By Wayne Whittaker, Boston Bruins Correspondent
With names like Jarome Iginla, Martin St. Louis and Jaromir Jagr being casually tossed into conversation around Boston, it can be easy to get swept up in the hype of the upcoming trade deadline. The Bruins are positioning themselves for another deep playoff run, and will be looking to fine tune their lineup in the coming days.
But really, is there any reason Bruins fans should be expecting general manager Peter Chiarelli to pull the trigger on a blockbuster deal by the noon deadline on April 3?
Historically, Chiarelli has opted for smaller deals that target specific areas of need in Boston’s lineup. The most obvious examples of this are his trade deadline acquisitions of Mark Recchi, Chris Kelly, and Rich Peverley, which eventually culminated in a Stanley Cup victory in 2011.
And while it’s quite possible we could see the Bruins swap a combination of high draft picks and highly touted prospects for an aging superstar, a quick look at Chiarelli’s trade deadline history with Boston could indicate otherwise.
Chiarelli’s rookie year at the helm of an original six franchise that was strictly in rebuilding mode.
While technically not a deadline deal, the GMs growing pains are pretty evident in hindsight when reflecting on the Kris Versteeg for Brandon Bochenski trade. Also in early February, the Bruins added cornerstone Andrew Ference and Chuck Kobasew in exchange for Wayne Primeau and Brad Stuart.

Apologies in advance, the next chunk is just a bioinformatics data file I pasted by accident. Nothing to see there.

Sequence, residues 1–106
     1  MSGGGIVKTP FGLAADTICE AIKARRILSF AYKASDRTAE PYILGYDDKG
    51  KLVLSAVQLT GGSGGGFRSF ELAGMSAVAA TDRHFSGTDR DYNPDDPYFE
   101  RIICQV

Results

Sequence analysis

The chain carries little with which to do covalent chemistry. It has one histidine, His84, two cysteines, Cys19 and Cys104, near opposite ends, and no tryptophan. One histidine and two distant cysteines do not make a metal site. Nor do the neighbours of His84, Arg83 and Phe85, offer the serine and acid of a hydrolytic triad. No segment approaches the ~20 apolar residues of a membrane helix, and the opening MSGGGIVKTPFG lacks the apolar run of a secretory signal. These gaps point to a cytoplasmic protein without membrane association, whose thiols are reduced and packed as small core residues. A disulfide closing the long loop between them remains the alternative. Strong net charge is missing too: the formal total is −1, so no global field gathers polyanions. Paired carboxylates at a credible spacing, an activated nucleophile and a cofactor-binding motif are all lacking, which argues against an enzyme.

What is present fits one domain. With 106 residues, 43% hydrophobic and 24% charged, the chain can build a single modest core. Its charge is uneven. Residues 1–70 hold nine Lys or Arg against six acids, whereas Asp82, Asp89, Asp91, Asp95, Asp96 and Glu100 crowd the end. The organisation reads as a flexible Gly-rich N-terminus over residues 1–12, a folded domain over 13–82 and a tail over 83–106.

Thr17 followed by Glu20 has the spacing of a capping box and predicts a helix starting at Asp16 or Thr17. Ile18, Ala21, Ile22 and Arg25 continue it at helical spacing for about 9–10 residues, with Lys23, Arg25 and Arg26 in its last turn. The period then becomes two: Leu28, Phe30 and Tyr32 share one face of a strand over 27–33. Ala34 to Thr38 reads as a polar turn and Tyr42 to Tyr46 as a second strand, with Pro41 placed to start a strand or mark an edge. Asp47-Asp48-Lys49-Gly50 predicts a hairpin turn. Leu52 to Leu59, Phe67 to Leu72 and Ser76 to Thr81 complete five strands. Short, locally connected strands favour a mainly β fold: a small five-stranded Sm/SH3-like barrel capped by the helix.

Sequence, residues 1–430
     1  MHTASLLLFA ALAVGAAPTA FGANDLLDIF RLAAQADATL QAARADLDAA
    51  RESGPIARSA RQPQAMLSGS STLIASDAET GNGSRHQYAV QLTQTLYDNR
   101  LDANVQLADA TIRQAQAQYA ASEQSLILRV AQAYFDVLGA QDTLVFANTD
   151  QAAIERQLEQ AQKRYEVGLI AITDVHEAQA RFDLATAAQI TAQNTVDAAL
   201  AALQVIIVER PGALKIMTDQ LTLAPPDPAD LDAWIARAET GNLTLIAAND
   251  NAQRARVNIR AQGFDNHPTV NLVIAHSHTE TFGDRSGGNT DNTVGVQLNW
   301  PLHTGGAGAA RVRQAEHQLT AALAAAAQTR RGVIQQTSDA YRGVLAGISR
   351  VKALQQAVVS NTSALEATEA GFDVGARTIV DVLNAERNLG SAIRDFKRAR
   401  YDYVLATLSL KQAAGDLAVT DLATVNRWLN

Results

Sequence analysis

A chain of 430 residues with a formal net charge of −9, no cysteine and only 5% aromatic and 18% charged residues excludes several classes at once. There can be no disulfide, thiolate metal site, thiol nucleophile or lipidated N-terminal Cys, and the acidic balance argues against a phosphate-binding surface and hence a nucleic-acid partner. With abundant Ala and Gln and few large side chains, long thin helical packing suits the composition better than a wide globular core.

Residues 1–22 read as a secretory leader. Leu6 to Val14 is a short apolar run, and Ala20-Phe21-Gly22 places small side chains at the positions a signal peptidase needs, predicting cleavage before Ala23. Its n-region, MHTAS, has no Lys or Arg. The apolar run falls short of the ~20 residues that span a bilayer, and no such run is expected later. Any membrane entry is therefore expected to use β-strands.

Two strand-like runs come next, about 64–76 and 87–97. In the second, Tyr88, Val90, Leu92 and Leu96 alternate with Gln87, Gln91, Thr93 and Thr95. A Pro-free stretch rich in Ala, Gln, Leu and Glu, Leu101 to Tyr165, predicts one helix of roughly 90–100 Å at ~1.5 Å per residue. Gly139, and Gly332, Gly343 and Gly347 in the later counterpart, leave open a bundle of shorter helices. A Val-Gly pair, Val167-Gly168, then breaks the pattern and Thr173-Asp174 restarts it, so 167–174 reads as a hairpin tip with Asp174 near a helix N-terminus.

As for the deadline day itself, Chiarelli added two solid blue liners who would go onto have successful careers in Boston. Aaron Ward (from the New York Rangers, for Paul Mara) and Dennis Wideman (from St. Louis for Brad Boyes).
Season result: 5th in Northeast Division. Coach Dave Lewis fired.
While many pundits predicted Boston would finish in close to the bottom of the barrel in the Eastern Conference, the Bruins put together a surprising season under first year coach Claude Julien. While certainly not Cup contenders, the Bruins were setting their sights on a playoff spot.
Peter Chiarelli was well aware of what he was dealing with. With many promising prospects, like David Krejci, just on the cusp of reaching the NHL level, Boston was unwilling to sell its future for short-term success.
In a defining moment for the 2007-2008 season, the Bruins were bystanders at the trade deadline.
Season result: 3rd in Northeast Division. Lost in Conference Quarter-Finals to Montreal in seven games.
The ’08-’09 Bruins had one of the clubs best seasons in nearly three decades. Finishing just one point shy of the President’s Trophy, Boston led the Eastern Conference for the majority of the regular season.
But again, instead of making a huge splash come deadline day, Boston made a strategic move to address a specific need in the depth chart. Namely, veteran experience and a solid net-front presence.
In what is arguably one of Chiarelli’s all-time best trades, the Bruins acquired Mark Recchi and a 2nd round draft pick from the Tampa Bay Lightning in exchange for Martins Karsums and Matt Lashoff. The Recchi experimented was an instant success, and the future hall-of-famer would spend the rest of his career in Boston.
Also added to the roster was defenseman Steve Montador, who would turn out to be a rental. Montador had a rocky post-season with Boston, and was not re-signed in the offseason.
Season result: 1st in Northeast Division. Lost in Conference Semi-Finals to Carolina in seven games.
Coming off such a dramatic turnaround just a year prior, the 2010 Bruins were a frustrated group fighting injuries, underachievement and bad luck.
But the expectation for the Bruins was to reach the Conference Finals, and with that in mind Chiarelli continued the trend of addressing specific needs.
The previous off-season, Boston was looking for a solid #2 defenseman who could help them with their offensive breakouts. The short list of defenseman the Bruins were targeting included Derek Morris and Dennis Seidenberg. At the time, Boston opted for Morris.